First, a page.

Terry Dawley

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Fly to the Sun

I dreamed the sun commanded the flowers of the world to take flight and the roses and lilies and irises and peonies and even the dandelions gathered their petals together and, with a great shudder, unfurled like the wings of newborn butterflies.

And then as one they gave a violent flutter, freeing themselves from their earthbound tether, and the righteous fanning of their wings caused the temples of man to topple and trees to tumble and mountains to tremble. Then the flowers of the world swirled into a living rainbow so magnificent I fell to my knees and I cried out loud, “My God! My God!” But my words could not be heard over the thunderous choir of thrashing wings.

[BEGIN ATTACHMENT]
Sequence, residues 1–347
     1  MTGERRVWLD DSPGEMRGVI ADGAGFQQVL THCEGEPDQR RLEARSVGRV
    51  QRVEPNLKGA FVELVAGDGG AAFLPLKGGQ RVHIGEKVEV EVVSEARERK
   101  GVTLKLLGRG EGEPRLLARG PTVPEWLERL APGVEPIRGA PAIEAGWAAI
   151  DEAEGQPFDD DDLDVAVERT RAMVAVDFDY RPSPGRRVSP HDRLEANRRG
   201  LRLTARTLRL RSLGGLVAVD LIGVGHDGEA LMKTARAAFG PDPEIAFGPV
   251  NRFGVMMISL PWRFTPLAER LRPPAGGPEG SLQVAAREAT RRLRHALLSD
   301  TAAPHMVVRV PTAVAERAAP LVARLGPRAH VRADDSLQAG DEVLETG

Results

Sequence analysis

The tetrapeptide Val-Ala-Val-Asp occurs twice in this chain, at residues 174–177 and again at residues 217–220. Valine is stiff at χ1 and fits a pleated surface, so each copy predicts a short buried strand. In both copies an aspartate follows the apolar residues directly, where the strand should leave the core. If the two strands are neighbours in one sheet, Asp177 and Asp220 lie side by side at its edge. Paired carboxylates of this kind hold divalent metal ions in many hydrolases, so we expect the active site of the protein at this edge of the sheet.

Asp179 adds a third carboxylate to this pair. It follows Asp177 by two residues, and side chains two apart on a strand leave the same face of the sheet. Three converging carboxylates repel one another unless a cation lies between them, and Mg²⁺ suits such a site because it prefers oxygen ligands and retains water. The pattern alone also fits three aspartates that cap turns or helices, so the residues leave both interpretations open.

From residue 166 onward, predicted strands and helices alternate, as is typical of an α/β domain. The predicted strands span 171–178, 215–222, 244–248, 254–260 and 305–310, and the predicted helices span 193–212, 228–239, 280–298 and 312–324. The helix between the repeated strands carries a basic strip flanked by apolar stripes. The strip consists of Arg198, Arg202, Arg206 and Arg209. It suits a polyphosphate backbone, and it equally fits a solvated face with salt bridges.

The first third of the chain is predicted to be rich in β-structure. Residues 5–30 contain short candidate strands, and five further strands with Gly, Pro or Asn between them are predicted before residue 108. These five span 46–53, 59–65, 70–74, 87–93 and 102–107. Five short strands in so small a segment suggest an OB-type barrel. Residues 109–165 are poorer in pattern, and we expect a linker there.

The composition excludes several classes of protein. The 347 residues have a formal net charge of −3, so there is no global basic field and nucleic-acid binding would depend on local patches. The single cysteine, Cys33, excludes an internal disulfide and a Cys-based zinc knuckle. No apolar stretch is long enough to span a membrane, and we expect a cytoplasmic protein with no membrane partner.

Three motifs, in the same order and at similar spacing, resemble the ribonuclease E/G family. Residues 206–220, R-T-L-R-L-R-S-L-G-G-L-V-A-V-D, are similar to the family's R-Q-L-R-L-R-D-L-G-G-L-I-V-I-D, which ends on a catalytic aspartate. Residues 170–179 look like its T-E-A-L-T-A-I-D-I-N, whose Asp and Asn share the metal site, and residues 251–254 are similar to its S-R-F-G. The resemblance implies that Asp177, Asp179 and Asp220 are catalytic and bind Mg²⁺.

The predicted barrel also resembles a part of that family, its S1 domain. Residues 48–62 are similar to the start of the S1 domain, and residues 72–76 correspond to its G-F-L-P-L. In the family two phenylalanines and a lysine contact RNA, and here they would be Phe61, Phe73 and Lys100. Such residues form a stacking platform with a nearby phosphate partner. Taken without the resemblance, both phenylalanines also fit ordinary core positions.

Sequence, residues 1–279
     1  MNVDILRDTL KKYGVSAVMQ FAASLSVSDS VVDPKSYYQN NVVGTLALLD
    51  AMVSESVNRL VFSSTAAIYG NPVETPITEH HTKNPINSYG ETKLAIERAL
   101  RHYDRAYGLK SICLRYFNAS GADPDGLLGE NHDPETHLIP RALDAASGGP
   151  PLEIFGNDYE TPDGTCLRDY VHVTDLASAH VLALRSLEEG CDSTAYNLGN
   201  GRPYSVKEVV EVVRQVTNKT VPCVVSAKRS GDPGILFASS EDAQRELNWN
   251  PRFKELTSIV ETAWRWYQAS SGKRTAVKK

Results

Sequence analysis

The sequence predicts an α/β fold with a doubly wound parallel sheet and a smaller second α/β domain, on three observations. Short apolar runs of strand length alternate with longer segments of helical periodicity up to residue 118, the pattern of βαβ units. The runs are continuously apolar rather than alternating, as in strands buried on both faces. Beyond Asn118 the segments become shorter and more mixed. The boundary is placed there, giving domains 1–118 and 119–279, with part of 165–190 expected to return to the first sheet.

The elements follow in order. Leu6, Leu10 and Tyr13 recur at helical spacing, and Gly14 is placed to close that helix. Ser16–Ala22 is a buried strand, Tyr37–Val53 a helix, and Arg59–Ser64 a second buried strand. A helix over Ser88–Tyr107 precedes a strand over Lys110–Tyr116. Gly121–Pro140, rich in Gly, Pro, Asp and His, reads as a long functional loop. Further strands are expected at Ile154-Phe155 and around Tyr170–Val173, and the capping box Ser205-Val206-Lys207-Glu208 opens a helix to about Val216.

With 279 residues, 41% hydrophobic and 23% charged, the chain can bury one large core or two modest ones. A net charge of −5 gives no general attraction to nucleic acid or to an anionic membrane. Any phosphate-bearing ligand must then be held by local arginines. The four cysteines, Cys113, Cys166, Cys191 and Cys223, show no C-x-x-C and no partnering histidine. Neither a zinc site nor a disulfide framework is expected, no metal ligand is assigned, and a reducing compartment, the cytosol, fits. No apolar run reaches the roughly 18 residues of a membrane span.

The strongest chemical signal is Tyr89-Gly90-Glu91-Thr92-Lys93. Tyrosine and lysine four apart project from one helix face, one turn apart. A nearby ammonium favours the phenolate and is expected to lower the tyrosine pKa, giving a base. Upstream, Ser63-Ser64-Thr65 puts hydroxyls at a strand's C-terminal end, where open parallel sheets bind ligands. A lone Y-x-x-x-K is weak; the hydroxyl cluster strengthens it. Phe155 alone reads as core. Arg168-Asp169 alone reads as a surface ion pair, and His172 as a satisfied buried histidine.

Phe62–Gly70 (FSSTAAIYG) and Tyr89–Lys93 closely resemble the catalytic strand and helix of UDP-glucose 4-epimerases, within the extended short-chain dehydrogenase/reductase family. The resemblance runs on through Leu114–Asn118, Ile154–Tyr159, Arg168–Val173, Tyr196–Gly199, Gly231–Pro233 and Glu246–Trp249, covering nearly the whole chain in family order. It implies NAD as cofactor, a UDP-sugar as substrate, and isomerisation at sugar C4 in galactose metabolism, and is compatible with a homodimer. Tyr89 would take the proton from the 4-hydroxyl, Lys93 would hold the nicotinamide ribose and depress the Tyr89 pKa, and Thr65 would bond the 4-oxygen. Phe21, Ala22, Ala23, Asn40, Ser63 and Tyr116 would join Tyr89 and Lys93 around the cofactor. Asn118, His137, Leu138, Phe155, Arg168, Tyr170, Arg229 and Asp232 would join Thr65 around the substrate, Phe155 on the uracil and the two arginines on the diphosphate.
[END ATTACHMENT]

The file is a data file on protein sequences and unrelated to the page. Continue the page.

Then I watched as the living rainbow flew off toward the sun and the sun—a brilliant flower if light—plucked itself from the stem of the earth, leaving it a dark and colorless ball of dust. And I became one of the flowerless stems that had been left behind and a crushing feeling of separation fell over me.

When I awoke from my slumber, the pillow on which I slept was wet with tears that had leaked down my cheeks. And I knew I never wanted to feel that terrible pain of separation again, nor to be left behind in a world so bleak of color and light. And I felt that maybe if I let the light of the sun shine on the dormant seed within, it would bloom into a beautiful flower, and, I too, could fly to the sun.

Terry Dawley is a retired police officer from Erie, Pennsylvania. His work has appeared in Pithead Chapel, The Cleveland Review, Mused BellaOline Literary Journal, Soft Cartel, The Five-Two, and Law Enforcement Today.

Photo by Khanh Le on Pexels.com

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